Antora Peak – 13,269, Sheep Mountain (UR) – 12860, and Sheep Mountain – 12,228

RT Length: 8.53 miles

Elevation Gain: 3562’

Boy, was that drive in fun!  I took LL56 to Bonanza, and then the 862 4WD road.  The road was clear to Bonanza, and then the fun began.  Notes about 862:  It’s narrow, making passing difficult.  It’s easy 4WD:  In fact, I didn’t put my truck into 4WD (because I couldn’t), but having decent ground clearance was nice.  The creek crossing looked more difficult than it was.  I’d say the water was 8-10 inches deep.

I parked at the junction of 862 and 8622D.  There’s a fence blocking off the road here, next to Kerber Creek.

The trail starts just behind the fence, and follows an old 4WD road and Kerber Creek for .3 miles

At this point the road comes to a ‘T’, and since I made this a loop, I ended up coming back to this spot on my way down.  Now however, I turned left, and continued to follow the road south.

I stayed on this road for another .3 miles, and then left the road to head west and bushwhack up to the ridge.  As far as bushwhacking goes, it wasn’t too bad:  Not a lot of downed trees, so heading west and staying west was easy.

At treeline, there’s a rock outcropping to skirt to the right

And then I followed the ridge northwest.                               

Once on the ridge I could see Antora Peak to my left

Here’s an overview of the rest of the route to the Antora Saddle.

And some step by step pictures.  There is no need to ascend Sheep Mountain at this point, but instead skirt it to the left, staying parallel with the saddle.

Once on the ridge I turned left and followed it southeast to the summit.  There were a bunch of game trails here, but I just went straight up the ridge.

I summited Antora Peak at 7:15am

Not sure why I called it Sheep Mountain in the video:  Probably because that was what I was viewing and it was in my head.  Oh well, this video is actually the view from Antora Peak.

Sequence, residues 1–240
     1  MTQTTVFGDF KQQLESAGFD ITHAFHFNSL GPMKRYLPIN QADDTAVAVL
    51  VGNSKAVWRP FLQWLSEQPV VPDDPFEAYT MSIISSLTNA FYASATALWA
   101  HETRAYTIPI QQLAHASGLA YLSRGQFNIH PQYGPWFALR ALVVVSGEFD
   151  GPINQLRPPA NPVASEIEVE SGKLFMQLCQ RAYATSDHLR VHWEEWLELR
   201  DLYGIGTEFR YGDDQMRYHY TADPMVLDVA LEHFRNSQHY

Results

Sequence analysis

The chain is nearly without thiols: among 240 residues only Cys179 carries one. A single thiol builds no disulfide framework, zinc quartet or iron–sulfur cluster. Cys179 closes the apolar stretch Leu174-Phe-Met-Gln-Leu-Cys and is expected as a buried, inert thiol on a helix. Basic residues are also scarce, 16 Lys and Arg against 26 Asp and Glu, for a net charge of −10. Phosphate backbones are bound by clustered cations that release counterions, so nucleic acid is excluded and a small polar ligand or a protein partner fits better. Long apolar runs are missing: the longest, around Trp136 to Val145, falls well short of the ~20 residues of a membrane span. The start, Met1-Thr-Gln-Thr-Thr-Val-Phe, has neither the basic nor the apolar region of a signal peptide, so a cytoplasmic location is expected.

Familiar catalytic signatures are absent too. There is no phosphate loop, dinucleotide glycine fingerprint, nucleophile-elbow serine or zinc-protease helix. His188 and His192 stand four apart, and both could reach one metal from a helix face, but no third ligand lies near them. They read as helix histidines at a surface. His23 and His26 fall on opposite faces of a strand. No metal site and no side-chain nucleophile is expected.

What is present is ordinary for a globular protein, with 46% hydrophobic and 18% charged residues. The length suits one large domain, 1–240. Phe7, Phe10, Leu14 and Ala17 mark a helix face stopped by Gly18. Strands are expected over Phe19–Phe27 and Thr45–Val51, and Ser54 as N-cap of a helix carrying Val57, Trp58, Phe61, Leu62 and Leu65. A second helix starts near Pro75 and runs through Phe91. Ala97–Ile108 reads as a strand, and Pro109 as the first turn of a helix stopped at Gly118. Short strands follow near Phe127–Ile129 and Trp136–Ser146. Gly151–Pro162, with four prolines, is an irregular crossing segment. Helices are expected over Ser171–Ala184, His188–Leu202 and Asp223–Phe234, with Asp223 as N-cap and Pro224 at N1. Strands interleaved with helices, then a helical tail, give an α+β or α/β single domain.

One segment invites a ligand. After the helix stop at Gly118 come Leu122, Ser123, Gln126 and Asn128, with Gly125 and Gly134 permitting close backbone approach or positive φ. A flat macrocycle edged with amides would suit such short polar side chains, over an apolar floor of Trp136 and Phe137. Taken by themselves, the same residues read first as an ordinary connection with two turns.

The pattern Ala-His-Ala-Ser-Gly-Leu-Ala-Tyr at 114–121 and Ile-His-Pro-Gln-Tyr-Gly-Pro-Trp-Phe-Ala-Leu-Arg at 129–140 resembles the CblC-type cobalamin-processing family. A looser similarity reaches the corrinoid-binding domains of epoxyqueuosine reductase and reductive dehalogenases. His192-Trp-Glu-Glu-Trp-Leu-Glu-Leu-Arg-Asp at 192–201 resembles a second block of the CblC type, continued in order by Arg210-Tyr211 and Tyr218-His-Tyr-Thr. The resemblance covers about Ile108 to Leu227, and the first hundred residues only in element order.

Antora Peak:

There are fires in the area, so it was a hazy day.  I was making this a loop, with Sheep Mountain and Sheep Mountain Northeast.

I headed back towards the Antora/Sheep saddle

And then crossed the tundra and headed up Sheep Mountain.  I was glad it was still early and the water still (mostly) frozen on the tundra, otherwise this would have been a sloggy mess

There’s a game trail that goes up the side of Sheep Mountain. It can be hard to see initially, but it’s useful in getting through the initial mound of loose rocks.

Then it was up and over the ridge

The summit had a great view of Mt Ouray to the north

Sheep Mountain: 

Now to head over to Sheep Mountain Northeast

I hiked northeast, following the ridge

Here’s a look back at Antora Peak and Sheep Mountain

I was able to avoid most of the snow on the ridge towards Sheep Mountain Northeast.

Just before the final ascent I skirted the mountain to the left, following game trails

And then continued northeast to the summit

I walked all over the summit, trying to find the highpoint.  It looks like it’s further east than it really is (the first cairn you come to is the actual summit).  Here’s looking back at the route

To make this a loop, I hiked a third of a mile southwest, then cut across the tundra, heading east

This led me to a gully.  From here I could see Mosquito Lake.  I didn’t want to go to the lake, I wanted to find the trail that led back to the 4WD road.  Here’s the basic route:

I followed the gully down, crossed some small runoff streams, and kept heading south, looking for a trail. 

I actually found a trail, but kept losing and finding it again.  It hasn’t been used frequently in years, and there are a lot of game trails here.  I’m pretty sure it’s a ranching area as well.  At one time it looked like the trails were maintained:  they may even have been roads, but now they’re a mess.  I knew I was on the right track however, because I kept seeing tree stumps from sawed trees.

Continuing south, I eventually made it to the old road

This road led me back to the junction from earlier this morning.  I turned left onto 862 (no signage) and hiked the short distance back to my truck. This area is full of nice irrigation channels.

I made it back to my truck at 10am, making this an 8.53 mile hike with 3562’ of elevation gain in 4.5 hours. 

Now to drive out in the daylight.  Luckily, it was a Tuesday and I didn’t expect to encounter any other vehicles on the road.  I didn’t.  The Bonanza Mine was pretty cool.

Author: Laura M Clark

Mom, Solo Colorado 14er Finisher, Outdoor Enthusiast, Traveler, and Girl Scout Leader with an MBA in International Business and Marketing. I value adventure, growth, courage, wisdom, integrity, accountability, and family. I enjoy yoga, wine, whiskey, traveling, reading, and the outdoors. I strive to be the person who inspires and motivates myself and others to succeed.

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